Program Schedule

Risk Factors Associated with Pneumonia Co-infection in Children under 5 Years of Age Presenting to a Diarrheal Hospital in Dhaka, Bangladesh, 1996 to 2007

Session: Poster Abstract Session: Clinical Respiratory Infections
Friday, October 10, 2014
Room: The Pennsylvania Convention Center: IDExpo Hall BC
  • LEUNG Pneumonia co-infection IDSA poster.pdf (1.6 MB)
  • Background: Worldwide, pneumonia and diarrhea are the top causes of mortality in children under 5 years of age. The mucosal immune system is common to both respiratory and gastrointestinal tracts, and there is epidemiological evidence that infection of one may predispose to infection of the other. Our aim was to determine the risk factors for concurrent presentation of diarrhea and pneumonia.

    Methods: We used prospectively collected data from the Diarrheal Disease Surveillance System of the Dhaka Hospital in Bangladesh to identify children under 60 months of age who presented with signs and symptoms of pneumonia, defined as a patient who satisfied all three criteria: 1) History of cough with diarrhea, 2) an abnormal lung exam on admission, and 3) tachypnea on admission. We compared the characteristics of those with pneumonia against a control group who did not satisfy any of the above criteria, matched for month and year of admission at a ratio of 1:3.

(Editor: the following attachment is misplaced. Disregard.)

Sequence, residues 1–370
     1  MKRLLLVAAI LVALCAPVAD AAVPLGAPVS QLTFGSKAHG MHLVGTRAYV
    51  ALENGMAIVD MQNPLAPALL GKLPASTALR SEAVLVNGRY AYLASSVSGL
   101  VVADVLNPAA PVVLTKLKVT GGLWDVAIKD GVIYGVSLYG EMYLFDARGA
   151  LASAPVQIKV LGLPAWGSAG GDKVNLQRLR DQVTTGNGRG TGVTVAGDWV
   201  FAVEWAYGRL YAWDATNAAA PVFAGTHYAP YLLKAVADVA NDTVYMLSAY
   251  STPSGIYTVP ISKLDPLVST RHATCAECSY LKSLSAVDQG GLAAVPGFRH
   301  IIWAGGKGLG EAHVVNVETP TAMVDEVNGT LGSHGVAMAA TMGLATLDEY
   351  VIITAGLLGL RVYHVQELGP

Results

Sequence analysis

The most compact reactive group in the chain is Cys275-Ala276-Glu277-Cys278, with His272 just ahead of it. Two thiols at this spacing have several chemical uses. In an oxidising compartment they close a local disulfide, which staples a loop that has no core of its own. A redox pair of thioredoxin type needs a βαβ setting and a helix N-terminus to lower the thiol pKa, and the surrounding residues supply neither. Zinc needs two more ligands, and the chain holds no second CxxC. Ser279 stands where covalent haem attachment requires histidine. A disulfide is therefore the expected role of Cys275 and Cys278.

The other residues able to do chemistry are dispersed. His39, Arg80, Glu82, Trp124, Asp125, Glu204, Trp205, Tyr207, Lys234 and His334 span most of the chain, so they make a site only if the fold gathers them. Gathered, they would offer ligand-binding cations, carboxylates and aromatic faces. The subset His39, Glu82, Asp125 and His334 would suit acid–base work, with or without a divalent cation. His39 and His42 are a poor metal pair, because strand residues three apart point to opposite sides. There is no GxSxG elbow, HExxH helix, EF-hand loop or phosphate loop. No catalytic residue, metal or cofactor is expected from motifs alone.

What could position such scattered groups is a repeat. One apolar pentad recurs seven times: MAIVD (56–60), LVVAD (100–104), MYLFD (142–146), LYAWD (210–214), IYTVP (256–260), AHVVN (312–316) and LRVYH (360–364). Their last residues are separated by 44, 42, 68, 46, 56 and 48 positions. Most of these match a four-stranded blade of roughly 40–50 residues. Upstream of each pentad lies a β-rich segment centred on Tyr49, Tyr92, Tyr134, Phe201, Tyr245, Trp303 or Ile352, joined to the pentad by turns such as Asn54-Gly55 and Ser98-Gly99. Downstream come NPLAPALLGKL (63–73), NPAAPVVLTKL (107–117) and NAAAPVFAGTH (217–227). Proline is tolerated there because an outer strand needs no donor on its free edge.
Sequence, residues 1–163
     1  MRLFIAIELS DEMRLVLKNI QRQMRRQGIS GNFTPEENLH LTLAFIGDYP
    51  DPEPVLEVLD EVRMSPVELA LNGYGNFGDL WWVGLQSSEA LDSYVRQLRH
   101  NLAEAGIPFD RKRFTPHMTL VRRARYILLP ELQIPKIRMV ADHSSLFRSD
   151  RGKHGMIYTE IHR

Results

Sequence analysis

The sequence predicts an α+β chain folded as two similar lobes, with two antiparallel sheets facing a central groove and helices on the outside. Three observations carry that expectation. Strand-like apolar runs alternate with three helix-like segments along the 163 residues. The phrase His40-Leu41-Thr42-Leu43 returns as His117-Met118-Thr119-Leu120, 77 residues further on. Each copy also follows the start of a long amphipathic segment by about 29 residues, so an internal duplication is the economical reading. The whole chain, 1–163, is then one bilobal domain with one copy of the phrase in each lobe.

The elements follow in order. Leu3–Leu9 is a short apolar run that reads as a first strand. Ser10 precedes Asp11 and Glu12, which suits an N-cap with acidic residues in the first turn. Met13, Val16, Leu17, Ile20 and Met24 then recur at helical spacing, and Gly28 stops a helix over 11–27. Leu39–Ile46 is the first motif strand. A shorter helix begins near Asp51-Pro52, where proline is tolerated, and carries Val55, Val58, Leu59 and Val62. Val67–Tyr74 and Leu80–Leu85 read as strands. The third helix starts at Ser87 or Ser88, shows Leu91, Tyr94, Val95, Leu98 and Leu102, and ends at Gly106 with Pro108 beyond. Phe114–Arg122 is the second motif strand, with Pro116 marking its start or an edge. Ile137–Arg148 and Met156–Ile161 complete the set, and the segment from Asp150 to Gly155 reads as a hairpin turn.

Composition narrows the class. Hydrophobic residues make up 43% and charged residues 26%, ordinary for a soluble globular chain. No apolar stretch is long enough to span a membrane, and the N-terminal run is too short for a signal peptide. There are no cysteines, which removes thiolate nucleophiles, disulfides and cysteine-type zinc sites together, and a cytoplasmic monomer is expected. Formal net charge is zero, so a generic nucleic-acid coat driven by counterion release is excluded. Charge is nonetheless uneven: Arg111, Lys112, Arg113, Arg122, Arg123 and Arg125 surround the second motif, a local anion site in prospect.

Results: For the years 1996-2007, out of total 14,628 diarrheal patients under age 5 surveyed, there were 607 (4%) patients who satisfied criteria for pneumonia. Of those with pneumonia, 26 (4%) died, compared with only 2 (0.1%) of those with diarrhea only. Cases with pneumonia also had a longer hospital stay (mean (SD), 84 (97) hrs vs. 25 (41) hrs in controls). A pathogen was detected in the stool of 4536 (31%) of all patients, including 353 (58%) of those with pneumonia. In a multivariable logistic regression model comparing cases (n=607) with controls (n=1808), including socio-demographic and behavioral factors, we found that concurrent pneumonia was associated with severe acute malnutrition, younger age, less maternal education, lower family income, and lack of current breastfeeding. Entry of individual pathogens into the model identified rotavirus as negatively associated with pneumonia.

    Conclusion: We demonstrate that malnutrition, young age, lack of breastfeeding, poor education status, and lower family income are independent risk factors associated with concurrent pneumonia in young children presenting with diarrhea in Bangladesh.

    Daniel Leung, MD1,2, Sumon Das, MBBS3,4, M.a. Malek3, A.S.G. Faruque, MBBS, MPH3, Mohammod Jobayer Chisti, MBBS, MMed3 and Edward T. Ryan, MD, DTMH, FIDSA1, (1)Division of Infectious Diseases, Massachusetts General Hospital, Boston, MA, (2)Centre for Vaccine Sciences, International Centre for Diarrhoeal Disease Research, Bangladesh (icddr,b), Dhaka, Bangladesh, (3)Centre for Nutrition and Food Security, International Centre for Diarrhoeal Disease Research, Bangladesh (icddr,b), Dhaka, Bangladesh, (4)School of Population Health, The University of Queensland, Brisbane, Australia


    D. Leung, None

    S. Das, None

    M. A. Malek, None

    A. S. G. Faruque, None

    M. J. Chisti, None

    E. T. Ryan, None

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